Monday, October 16, 2017

Where in the World Do You Find Colored Cotton? Firebaugh of Course

Leisure time during harvest time is a rare commodity for farmers.

This time of year, they’re often out of the house before sunrise and backin the house after sundown. Needless to say playing golf, knitting, wood working or traveling takes a hiatus during the harvest season.

But a pair of Firebaugh growers has found time over the years to mix a little business and pleasure by growing a mini-field of colored cotton. Meet Frank Williams and Mark Fickett, owners of Windfall Farms in Firebaugh.

Windfall Farms brown colored cotton.
For years, they have tried innovative and environmentally friendly farm practices, including planting perennial hedgerows and inter-planting cotton and alfalfa for pest management.

It’s a labor of love for the two growers. This hobby requires a commitment to have the fiber picked by hand and ginned separately from conventional white cotton. Gins and harvesters can’t have a trace of colored fiber left on their equipment which could mix with conventional white cotton – whether it’s a John Deere harvester or a heating unit at the gin.

In past years, the colored cotton was sold to a small Biddeford, Mainespecialty yarn company called Quince &Co, which produces cotton, wool and other natural yarns.The Sustainable Cotton Project (SCP) helped Frank and Mark make the connection the company,

Frank and Mark are long-time participating SCP growers and supporters of the organization’s efforts to reduce the use of the most toxic chemicals used in cotton production. Quince &Co. has developed a blend of SCP’s Cleaner Cotton™ and brown and green colored cotton available on their website at

Colored cotton not quite as rare as Hope Diamond.
On its blog, Quince & Co has been writing about the various hurdles it has faced to develop a responsible, U.S.-sourced cotton yarn. “Today, the solution: Cleaner Cotton™, and the amazing people who bent over backwards to work our small order into their processes and help make our new yarn, Willet, a reality. We couldn't be more excited!”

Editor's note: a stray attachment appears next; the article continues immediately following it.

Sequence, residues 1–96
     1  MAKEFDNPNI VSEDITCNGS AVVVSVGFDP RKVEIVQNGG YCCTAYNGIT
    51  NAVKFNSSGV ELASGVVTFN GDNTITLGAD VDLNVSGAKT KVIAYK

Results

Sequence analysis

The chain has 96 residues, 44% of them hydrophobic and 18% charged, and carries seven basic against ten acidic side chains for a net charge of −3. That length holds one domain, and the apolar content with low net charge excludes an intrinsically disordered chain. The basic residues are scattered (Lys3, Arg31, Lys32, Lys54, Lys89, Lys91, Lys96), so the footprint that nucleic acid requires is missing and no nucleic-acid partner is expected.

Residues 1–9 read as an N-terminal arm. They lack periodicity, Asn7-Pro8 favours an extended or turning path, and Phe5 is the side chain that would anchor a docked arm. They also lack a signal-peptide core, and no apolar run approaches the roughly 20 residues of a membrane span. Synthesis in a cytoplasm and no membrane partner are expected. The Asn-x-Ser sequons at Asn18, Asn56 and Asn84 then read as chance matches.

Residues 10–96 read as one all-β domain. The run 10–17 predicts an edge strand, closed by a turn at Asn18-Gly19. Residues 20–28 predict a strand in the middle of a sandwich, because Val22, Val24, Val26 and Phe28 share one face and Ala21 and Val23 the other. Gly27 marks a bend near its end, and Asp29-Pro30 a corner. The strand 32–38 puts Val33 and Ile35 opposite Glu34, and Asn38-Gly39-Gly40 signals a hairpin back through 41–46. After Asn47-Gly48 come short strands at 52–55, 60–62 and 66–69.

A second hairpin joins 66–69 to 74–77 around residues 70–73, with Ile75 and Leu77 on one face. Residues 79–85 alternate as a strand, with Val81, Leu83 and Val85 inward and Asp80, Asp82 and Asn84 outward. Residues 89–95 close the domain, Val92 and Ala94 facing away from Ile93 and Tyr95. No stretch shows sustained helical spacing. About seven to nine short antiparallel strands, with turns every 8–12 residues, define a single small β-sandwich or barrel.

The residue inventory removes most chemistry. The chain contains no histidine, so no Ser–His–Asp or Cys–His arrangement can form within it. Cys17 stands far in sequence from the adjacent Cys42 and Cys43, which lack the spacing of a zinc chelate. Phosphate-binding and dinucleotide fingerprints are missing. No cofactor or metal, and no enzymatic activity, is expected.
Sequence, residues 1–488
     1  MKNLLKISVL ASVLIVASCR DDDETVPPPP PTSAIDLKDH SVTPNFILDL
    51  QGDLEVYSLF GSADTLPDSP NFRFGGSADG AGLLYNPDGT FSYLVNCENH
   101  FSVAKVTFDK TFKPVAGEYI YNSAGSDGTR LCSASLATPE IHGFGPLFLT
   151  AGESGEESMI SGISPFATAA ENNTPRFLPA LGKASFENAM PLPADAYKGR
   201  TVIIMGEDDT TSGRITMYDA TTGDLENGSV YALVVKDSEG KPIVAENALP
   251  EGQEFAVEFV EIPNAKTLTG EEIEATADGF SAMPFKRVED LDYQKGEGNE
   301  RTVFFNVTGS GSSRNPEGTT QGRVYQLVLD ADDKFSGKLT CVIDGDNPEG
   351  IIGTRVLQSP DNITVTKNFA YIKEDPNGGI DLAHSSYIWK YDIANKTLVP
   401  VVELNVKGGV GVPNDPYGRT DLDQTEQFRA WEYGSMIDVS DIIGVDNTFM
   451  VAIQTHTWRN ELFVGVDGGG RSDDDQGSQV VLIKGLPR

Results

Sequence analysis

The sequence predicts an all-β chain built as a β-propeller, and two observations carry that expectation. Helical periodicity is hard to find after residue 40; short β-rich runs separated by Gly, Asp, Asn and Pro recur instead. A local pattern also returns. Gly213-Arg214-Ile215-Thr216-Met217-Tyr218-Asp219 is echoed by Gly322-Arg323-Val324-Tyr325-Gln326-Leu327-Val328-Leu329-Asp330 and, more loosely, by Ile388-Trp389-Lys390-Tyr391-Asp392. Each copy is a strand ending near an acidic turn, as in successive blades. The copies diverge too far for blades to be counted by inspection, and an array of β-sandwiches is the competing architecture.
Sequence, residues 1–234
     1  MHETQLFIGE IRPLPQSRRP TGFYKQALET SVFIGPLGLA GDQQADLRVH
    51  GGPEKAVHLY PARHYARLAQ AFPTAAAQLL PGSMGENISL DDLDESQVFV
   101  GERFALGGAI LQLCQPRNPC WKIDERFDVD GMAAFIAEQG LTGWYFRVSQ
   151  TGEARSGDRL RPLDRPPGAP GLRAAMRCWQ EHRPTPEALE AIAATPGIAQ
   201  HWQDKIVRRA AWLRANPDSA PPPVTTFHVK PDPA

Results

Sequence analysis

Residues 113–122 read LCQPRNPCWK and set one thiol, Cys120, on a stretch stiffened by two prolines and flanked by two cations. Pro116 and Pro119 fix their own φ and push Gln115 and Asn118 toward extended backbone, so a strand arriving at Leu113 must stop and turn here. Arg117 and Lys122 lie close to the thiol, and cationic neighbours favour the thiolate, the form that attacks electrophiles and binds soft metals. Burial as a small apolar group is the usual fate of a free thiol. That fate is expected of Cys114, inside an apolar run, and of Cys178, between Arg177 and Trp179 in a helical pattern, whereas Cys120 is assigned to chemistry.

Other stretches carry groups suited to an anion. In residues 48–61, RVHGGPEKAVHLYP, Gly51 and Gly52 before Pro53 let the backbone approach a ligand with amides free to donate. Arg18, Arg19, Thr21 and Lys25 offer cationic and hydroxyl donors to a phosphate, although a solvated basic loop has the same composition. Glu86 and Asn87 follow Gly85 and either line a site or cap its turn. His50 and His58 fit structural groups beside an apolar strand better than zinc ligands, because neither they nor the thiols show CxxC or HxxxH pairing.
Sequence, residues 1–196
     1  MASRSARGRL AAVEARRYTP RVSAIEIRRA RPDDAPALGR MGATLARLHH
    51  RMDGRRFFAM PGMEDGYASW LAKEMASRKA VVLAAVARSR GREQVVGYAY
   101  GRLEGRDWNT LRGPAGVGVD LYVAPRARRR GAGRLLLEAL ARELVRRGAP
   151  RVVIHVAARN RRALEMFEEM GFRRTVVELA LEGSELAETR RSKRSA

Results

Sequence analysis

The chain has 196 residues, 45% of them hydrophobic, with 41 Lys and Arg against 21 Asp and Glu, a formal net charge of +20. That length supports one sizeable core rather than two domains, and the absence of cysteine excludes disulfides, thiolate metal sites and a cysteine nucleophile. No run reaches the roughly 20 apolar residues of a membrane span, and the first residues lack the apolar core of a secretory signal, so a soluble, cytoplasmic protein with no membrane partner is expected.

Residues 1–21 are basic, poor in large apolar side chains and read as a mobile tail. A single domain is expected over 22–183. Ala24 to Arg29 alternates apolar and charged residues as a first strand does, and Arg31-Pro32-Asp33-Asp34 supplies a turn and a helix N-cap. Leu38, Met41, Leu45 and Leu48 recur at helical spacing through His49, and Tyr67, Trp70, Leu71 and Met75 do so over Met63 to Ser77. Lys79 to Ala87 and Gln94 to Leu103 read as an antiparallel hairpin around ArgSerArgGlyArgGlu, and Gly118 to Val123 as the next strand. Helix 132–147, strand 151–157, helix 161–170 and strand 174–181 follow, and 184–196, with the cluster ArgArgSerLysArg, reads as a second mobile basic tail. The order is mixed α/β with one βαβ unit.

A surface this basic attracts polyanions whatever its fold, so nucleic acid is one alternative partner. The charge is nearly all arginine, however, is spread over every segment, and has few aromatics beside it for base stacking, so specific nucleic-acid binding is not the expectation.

Naturally colored cotton is bred to yield fiber colors other than white commercial cotton. The natural color precludes the need for dyes and the fiber can feel softer than the usual white cotton. Colored cotton, which traces its origin in the Americas to the South American Andes some 5,000 years ago, is still rare because of the special processing requirements (colored cotton is shorter and weaker fiber, which makes it difficult to be spun in heavy machinery). 

To help people learn about colored cotton, Frank and Mark welcome a group of visitors, including those from major fashion brands, to visit their small plot of colored cotton. It’s a rare treat – almost like checking out the Hope Diamond at the Smithsonian in Washington, D.C. But in this case, you can feel, touch and pick some of the fiber and bring it home.

Interested in seeing this rare fiber up close?
Cotton Tour participant picks colored cotton.

Just sign up for SCP’s annual Cotton Tour, which is scheduled for Tuesday, October 24. The event provides a unique opportunity to get an inside look at cotton production – from the field to the gin. The event runs from 8 a.m. to 5 p.m. and costs $40 per person (the fee covers bus transportation and lunch at the Cardella Winery in Mendota). For more information or to register go to the following link:

Be sure to say hey if you join the tour.

No comments:

Post a Comment